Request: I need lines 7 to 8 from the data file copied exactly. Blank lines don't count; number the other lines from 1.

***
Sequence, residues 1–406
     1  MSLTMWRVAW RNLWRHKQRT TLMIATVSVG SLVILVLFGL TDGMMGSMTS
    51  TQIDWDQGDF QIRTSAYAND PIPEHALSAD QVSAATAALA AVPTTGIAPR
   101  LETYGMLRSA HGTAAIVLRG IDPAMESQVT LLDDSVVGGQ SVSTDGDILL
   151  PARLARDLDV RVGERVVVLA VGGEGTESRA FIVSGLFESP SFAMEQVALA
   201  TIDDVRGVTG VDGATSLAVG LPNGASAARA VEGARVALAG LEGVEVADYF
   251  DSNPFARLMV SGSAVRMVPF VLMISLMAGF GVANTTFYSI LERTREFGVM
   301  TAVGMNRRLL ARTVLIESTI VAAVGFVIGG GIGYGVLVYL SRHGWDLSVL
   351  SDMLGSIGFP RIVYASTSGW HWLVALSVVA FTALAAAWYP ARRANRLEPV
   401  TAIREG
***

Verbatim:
   251  DSNPFARLMV SGSAVRMVPF VLMISLMAGF GVANTTFYSI LERTREFGVM
   301  TAVGMNRRLL ARTVLIESTI VAAVGFVIGG GIGYGVLVYL SRHGWDLSVL